In the News

Picture: STUART BOULTON

Due to the innovative approach and the high quality delivery our project and work is regularly covered by local newspapers.  Once again we were featured in The Northern Echo which covered a current project that we are conducting in the Durham.

Spennymoor children learn about performing and pits in a new arts and heritage initiative

Catherine Priestley Chief Reporter (Sedgefield)
 MORE than 1,200 children will work with a professional theatre company on a new arts project that also teaches them about their heritage.

Pupils at 11 primary schools in the Spennymoor area will take part in history and performance workshops which could ultimately land them a role in acclaimed musical The Wind Road Boys.

The initiative was the idea of Spennymoor Town Mayor and Mayoress Ian and Judith Machin who wanted to host a show in aid of the Mayor’s charities, The 1st Byers Green Scouts and Durham Mining Museum at Spennymoor Town Hall.

As well as boosting the appeal coffers, they wanted a show to bring different generations together and celebrate both youth culture and the area’s history.

Then they learnt about The Wind Road Boys.

The musical, by writer Paul Flynn and Ferryhill-based theatre company Enter CIC, has been on tour since 2012 and wowed audiences from Sunderland Empire and Edinburgh Festival Fringe to community halls across the North. It combines history and real miners’ stories with a tale of love, pride, values and community.

The couple knew it was the show they were after and funding was secured to get Enter CIC to run workshops in schools.

Emma Spooner, community manager at North Park Primary School, which took part on Thursday, said: “It is a great opportunity for children to try something new and there is certainly an educational value to learning about their history in a new way.”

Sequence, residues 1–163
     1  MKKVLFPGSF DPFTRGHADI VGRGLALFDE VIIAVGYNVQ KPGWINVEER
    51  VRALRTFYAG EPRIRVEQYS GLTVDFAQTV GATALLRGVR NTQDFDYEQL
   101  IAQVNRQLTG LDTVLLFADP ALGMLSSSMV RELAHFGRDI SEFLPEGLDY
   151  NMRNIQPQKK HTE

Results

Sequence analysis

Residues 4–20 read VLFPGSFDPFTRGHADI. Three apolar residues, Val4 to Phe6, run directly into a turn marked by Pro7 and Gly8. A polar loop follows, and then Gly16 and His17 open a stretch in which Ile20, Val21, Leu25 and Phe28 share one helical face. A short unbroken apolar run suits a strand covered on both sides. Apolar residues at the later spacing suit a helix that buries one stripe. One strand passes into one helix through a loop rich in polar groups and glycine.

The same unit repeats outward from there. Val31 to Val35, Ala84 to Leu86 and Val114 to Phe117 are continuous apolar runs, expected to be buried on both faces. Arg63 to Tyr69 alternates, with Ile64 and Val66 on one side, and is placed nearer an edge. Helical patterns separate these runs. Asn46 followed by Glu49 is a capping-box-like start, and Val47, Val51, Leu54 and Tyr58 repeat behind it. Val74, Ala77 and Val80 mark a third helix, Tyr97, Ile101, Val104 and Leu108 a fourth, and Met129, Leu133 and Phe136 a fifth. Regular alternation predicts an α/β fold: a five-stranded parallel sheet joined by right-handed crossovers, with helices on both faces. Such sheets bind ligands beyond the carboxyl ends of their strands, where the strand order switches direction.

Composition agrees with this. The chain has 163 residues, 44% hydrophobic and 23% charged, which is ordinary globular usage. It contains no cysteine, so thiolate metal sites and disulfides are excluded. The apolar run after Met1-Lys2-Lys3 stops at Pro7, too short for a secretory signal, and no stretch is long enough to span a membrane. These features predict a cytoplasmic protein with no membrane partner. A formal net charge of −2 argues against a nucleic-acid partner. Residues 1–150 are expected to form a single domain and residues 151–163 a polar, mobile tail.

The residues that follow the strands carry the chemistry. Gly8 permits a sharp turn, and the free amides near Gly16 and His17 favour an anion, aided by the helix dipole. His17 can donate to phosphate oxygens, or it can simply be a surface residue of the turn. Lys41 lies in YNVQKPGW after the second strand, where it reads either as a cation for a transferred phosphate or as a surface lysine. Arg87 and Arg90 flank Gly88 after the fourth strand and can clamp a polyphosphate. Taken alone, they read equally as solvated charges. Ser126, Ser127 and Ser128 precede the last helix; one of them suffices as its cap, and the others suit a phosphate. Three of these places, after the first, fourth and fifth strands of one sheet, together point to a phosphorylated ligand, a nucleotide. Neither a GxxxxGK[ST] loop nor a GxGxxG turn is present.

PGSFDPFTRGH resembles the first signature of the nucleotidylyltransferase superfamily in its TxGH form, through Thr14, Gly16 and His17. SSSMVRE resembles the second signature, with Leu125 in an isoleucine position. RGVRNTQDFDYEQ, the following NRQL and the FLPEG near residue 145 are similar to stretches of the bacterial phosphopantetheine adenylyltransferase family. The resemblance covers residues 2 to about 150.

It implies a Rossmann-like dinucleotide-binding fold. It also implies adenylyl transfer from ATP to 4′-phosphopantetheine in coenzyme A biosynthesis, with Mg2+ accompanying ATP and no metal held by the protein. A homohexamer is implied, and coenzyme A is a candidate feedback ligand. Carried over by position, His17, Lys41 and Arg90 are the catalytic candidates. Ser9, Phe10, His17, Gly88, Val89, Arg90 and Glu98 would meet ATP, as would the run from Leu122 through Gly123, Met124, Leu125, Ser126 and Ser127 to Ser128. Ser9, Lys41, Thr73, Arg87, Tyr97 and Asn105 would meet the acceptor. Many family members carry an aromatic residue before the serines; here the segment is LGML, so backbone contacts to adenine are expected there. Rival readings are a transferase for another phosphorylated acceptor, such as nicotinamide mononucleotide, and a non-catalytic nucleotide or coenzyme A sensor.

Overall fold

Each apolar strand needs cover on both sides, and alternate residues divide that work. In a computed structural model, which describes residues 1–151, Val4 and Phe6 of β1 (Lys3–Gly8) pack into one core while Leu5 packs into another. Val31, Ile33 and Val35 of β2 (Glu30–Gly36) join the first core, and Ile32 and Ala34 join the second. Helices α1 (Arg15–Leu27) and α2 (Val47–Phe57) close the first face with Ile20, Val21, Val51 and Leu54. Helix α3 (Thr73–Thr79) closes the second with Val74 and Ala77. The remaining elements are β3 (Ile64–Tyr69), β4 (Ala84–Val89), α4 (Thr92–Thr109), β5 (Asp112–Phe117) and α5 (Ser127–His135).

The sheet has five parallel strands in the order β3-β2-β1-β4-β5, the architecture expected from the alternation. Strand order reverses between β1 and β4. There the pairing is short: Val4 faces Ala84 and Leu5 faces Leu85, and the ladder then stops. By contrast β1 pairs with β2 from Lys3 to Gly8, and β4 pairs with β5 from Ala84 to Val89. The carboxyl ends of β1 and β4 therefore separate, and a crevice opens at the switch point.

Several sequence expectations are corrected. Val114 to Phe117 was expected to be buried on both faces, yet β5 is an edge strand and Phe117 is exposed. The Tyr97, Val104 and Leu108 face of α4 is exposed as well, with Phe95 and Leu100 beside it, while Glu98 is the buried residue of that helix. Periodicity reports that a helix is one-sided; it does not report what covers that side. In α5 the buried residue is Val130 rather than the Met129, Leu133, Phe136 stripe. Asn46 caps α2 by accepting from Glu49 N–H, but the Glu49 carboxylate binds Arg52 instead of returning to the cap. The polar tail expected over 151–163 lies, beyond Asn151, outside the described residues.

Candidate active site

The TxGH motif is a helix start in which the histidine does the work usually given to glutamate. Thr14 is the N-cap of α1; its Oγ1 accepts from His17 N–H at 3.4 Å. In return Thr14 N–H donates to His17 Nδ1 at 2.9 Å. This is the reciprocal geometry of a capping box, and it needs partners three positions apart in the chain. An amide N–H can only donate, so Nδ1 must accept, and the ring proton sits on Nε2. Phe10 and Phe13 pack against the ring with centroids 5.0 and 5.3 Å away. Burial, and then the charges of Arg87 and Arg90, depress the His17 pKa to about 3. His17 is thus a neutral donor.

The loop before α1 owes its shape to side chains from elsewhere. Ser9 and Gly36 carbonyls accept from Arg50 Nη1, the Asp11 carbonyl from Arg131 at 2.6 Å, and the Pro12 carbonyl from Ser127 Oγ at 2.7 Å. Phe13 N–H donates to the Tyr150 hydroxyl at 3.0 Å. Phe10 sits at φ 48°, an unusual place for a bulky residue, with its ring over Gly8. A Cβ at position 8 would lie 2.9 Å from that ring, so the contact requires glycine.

“We absolutely jumped at the chance to be involved.

“Learning about theatre, what goes into performances and the logistics and work behind the scenes to put on a large scale show, will be brand new to many of them.

“The children got great feedback from Enter CIC, we’re really proud of how they did and maybe some new talent will be found.”

Cllr Machin said: “All head teachers are hugely supportive.

“They believe children will love and benefit from the activities of performing arts, culture, history and heritage of Spennymoor.

“We are already seeing benefits through cross team working between schools across Spennymoor, ensuring that we reach all localities.

“By holding all workshops in school time we ensure maximum inclusion of children regardless of parents’ availability, wealth or support and minimum addition school working.”

Every child will get a certificate and, after the workshops, up to 110 youngsters will perform alongside the professional cast of The Wind Road Boys at Spennymoor Town Hall on March 9 and 10.

That will count towards a nationally-recognised Arts Award.

A concert version of the play will also tour six care homes and sheltered accommodation.

Cllr Ian Machin said: “We all share a common history, culture, heritage and interest.

“This project celebrates the town’s mining heritage, enables young people to participate in a free arts and heritage initiative, brings a unique production to Spennymoor Town Hall, engages the elderly and provides and an opportunity to raise funds for two local charities.”

Mining museum volunteers will take memorabilia to events to give them historical context and Whitworth Park School will provide a rehearsal venue, mini buses and students to help with the show’s technical production. Tickets on sale January 29.

To view the article please follow: http://www.thenorthernecho.co.uk/news/15886520.Children_learn_about_performing_and_pits_in_a_new_arts_and_heritage_initiative/